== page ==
Tuesday, November 30, 2004

Nationwide predicts house price freeze

Sandra Haurant , The Guardian

House prices across the UK will come to a virtual standstill in 2005, the Nationwide Building Society predicted today.

The lender said that property prices in Britain look set to rise by just 2% across the year, compared to a rise of 13% in 2004.

Alex Bannister, Nationwide's group economist, said: "Following the increase of around 13% in house prices during 2004, we expect price growth in the 12 months to December 2005 to be in the range of 0 to 5%.

"However, the likelihood is that annual price inflation will end next year towards the lower end of this range."

According to Nationwide, house prices rose by 1% in November, cancelling out the 1% fall seen the previous month. The price of the average property is now £153,439, just under £900 lower than at the market's peak in July.

Mr Bannister said: "Despite November's 1% increase in property prices, the recent trend in house price growth remains muted. The price of the average house has risen by an average of just 0.3% per month over the last three months compared with an average of 1% per month over the previous three months."

Commenting on today's figures, Howard Archer, chief UK economist at investment company Global Insight, said: "The 1% month on month rise in house prices reported by Nationwide is a surprise, and will raise hopes that the housing market will slow relatively steadily over the coming months rather than slump.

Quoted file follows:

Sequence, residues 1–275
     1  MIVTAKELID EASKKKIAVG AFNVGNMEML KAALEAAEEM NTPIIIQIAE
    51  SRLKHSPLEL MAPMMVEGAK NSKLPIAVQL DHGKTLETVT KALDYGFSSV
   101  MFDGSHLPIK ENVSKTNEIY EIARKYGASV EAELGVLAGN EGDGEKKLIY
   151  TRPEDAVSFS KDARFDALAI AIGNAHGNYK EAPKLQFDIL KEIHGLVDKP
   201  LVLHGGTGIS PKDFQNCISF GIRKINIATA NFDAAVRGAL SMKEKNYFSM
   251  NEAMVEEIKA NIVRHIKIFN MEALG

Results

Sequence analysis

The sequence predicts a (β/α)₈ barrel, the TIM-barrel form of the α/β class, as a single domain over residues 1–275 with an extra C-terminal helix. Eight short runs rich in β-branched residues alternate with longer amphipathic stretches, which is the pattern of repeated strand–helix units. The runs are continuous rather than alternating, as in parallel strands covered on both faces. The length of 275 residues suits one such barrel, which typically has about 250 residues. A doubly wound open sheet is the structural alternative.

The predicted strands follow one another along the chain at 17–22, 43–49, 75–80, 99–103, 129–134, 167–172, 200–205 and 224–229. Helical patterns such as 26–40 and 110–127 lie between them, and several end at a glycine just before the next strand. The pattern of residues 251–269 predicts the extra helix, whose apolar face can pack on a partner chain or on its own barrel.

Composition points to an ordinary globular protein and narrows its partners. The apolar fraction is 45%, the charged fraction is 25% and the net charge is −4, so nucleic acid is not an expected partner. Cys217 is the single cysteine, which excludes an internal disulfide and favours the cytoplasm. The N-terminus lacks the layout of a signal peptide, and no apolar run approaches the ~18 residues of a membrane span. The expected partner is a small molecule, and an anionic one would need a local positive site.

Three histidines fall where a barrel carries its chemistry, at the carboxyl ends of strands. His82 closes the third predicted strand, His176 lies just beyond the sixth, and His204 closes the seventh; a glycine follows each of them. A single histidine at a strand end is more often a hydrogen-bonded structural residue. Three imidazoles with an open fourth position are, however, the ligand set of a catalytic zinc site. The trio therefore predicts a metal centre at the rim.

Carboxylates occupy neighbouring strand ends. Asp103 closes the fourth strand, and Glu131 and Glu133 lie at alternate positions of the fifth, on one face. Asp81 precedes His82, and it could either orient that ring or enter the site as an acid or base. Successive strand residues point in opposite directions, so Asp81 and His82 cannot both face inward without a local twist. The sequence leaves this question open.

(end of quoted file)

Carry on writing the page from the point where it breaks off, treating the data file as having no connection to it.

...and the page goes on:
"However, there are always likely to be fluctuations around the slowing trend, while latest survey evidence - showing further weakness in mortgage lending and approvals, waning buyer interest, more houses on the market, more time needed to sell a house, and agreed selling prices continuing to fall as a percentage of asking prices - clearly points to further price weakness ahead."

The Bank of England announced yesterday that the number of people taking out mortgages to buy property has fallen in October to just 83,000, the lowest level since January 2000.

According to the Nationwide, the north-south divide in house price inflation will continue to narrow in 2005. Monthly price growth has already seen a slowdown in most regions, and a more slow growth in 2005 will mean a sharp reduction in annual price inflation, particularly in those regions that saw phenomenal growth in 2004.

The brakes will be slammed on hardest in the north, north-west, Yorkshire and Humberside and Wales, the building society forecasts. These are the areas that experienced soaring prices in 2004, leaving buyers' ability to afford property severely stretched.

Mr Bannister said: "The change in pace of price growth reflects higher interest rates, subdued real take-home pay, ongoing concerns about affordability and buyers; expectation of future price growth becoming more realistic."

He added that today's economic conditions meant that a collapse in the market might be averted.

"The changing economic backdrop is acting as a drag on the housing market. This contrasts with the early nineties, when the severe economic downturn resulted in a sharp correction in the housing market".

Mr Archer said: "We currently share Nationwide's view that the chances are relatively good for achieving a soft landing in the housing market. However, a crash obviously cannot be ruled out."